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Iain Duguid. Is Jesus in the Old Testament?  Phillipsburg, NJ: Presbyterian and Reformed Publishing, February 4, 2013. 40 pp.

5 out of 5

Purchase: Westminster Amazon

I really enjoyed this booklet that is a part of the Basics of the Faith series printed by Presbyterian and Reformed Publishing.  This is the sixth booklet that I read from the series and I read it along with my wife as our couple’s devotional reading together.  I was blessed by this beyond my expectation in comparison to the other booklets in the series I have read thus far.

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Nearly five years ago I refuted a frequent Muslim argument that the Bible in Deuteronomy 18 is a prediction about Muhammad. I looked specifically at the argument as it was presented in A Brief Illustrated Guide to Understanding Islam.

Among other things the booklet asserted concerning Deuteronomy 18 that:

So, this prophecy refers to Muhammad and not to Jesus, because Muhammad is more like Moses than Jesus.” (Page 34)

I followed up with a second post in which I further established the Christian claim that Deuteronomy 18 is not a prediction about Muhammad since it is instead a predication about Jesus Christ. I did this by noting the parallel between the account of Moses in Exodus with the account of Jesus in the Gospel of Matthew.  In our current post I want to further reinforce my point that the Bible in the New Testament presents Jesus as the parallel “New Moses” by looking at further parallels from the first few chapters of the book of Mark.  Readers might want to start with the first two posts I have linked before proceeding onward in order to get the maximum force of the argument.

After reading this ask yourself this question: Doesn’t biblical Messianic prophecies and Messianic typology make you more certain in your faith with the truth of Christianity and also increase your awe with the glory of God manifested through Jesus Christ?

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Last month Shepherd’s Conference released the audios from this incredible conference.  In light of Good Friday and also our series of posts this week concerning apologetics and the last week of Jesus I thought I share the audios from that conference pertaining to Messianic prophecies.

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The Stone and the Glory Greg Harris

Purchase: Amazon

A work that’s part-Messianic prophecy, part-devotional, and thoroughly solid in it’s Biblical exposition. Dr. Harris is a professor of Bible exposition at The Master’s Seminary and his book does not disappoint. You will be spiritually fed, worship Jesus more, and be better equipped in your ability to witness to Jews with Messianic Prophecies. This work explores the little known Stone or “Eben” prophecies in the Old Testament of the coming Messiah. I wished I read this work prior to my thesis. Dr. Harris makes great observations and noted verses that I was not aware of previously or thought through as carefully as he did. This work is a good example of applying good Biblical theology and how the Word of God marches forth and builds upon previous revelation and advances it more deeply. The chapter on the significance of the timing during the moment of Jesus on the Cross when the sun went dark is not to be missed–along with the chapter on Jesus’ temptation. Dr Harris’ treatment of Jesus temptation for forty days is one of the best I’ve read and a good example of how to skillfully bring the Old Testament to inform a New Testament passage. I highly recommend this work.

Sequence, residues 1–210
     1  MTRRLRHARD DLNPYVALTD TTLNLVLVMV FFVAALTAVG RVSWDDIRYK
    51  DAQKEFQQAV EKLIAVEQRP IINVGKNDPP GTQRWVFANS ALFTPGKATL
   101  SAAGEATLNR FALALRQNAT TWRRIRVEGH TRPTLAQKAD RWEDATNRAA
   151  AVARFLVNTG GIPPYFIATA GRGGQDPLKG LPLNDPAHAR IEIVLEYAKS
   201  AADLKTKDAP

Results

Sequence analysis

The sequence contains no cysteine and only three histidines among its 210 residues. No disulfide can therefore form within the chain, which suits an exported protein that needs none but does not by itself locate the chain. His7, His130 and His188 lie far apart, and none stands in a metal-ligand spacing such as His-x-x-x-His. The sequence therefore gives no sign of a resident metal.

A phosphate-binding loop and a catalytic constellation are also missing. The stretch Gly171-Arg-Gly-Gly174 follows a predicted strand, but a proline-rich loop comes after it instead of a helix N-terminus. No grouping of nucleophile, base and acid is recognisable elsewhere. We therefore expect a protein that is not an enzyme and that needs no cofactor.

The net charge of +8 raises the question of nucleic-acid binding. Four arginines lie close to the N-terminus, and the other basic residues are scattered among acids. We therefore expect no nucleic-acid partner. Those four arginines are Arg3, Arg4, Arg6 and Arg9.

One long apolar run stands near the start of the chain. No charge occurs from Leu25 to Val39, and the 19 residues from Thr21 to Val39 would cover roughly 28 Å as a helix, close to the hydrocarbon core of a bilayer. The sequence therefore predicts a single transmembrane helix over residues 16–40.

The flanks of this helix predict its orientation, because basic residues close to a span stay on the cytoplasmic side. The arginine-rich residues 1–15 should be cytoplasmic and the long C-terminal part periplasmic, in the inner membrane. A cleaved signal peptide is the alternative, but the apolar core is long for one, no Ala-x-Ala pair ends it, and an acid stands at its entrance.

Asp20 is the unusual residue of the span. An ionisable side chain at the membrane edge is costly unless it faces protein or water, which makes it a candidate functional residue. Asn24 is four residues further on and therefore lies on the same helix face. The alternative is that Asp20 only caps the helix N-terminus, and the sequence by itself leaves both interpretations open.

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Good Friday and Easter (Resurrection Sunday) is around the corner.  I think this would be appropriate.

isaiahwealllikesheepblackcrucifix

Here is a four part audio series titled “The Scriptural Road of Emmaus” which covers Messianic Types and Prophecies found in the Old Testament:

Road to Emmaus: Sin, why we need a Savior

Messianic Type: Sacrificing Beloved Only Son

Messianic Prophecy: Psalm 22

Messianic Prophecy: Isaiah 53

The title of the series is playing on the account of the two disciples walking with Jesus on the road to Emmaus recorded in Luke 24 in which Jesus gives a study on the Old Testament predicting the Messiah.

Note: The last one is bi-lingual, it is preached in English but has another language that it’s being interpreted into.

As I have said previously in this blog, I believe Presuppositional apologetics’ stress on being biblical in approaching apologetics is a good thing; and like other Presuppostionalists I would agree that the Christian apologist must be Biblical in one’s worldview, epistemology and philosophy of evidence, etc.  But I would also say that it’s important for the Presuppositionalists to know their Bibles well enough in particular with their Old Testament: so that they can marshal Messianic Prophecies!  Afterall, Old Testament Messianic prophecies are the evidences that God has given directly in His Word pointing to and predicting the Messiah’s life and ministry that Jesus Christ has fulfilled.  It would be ironic for the apologist who stress so much about being Biblical to end up being weak in the Evidences that God’s direct special revelation has given.  That of course is not to downplay the importance of being conscious of the philosophy of evidence and presuppositions when dialoguing since these are not neutral (Presuppositionalists’ point) nor does that mean we should not master the actual details of the facts of Jesus’ life and ministry (often, the traditional Evidentialist’s big focus).  But if we believe it’s the hearing of God’s Word that produces faith then we best master it to expose His Word to those whom we are evangelizing and giving a defense towards.

Plus there is something about incorporating and studying Messianic prophecies that makes one’s apologetics doxological since it’s centered on Christ!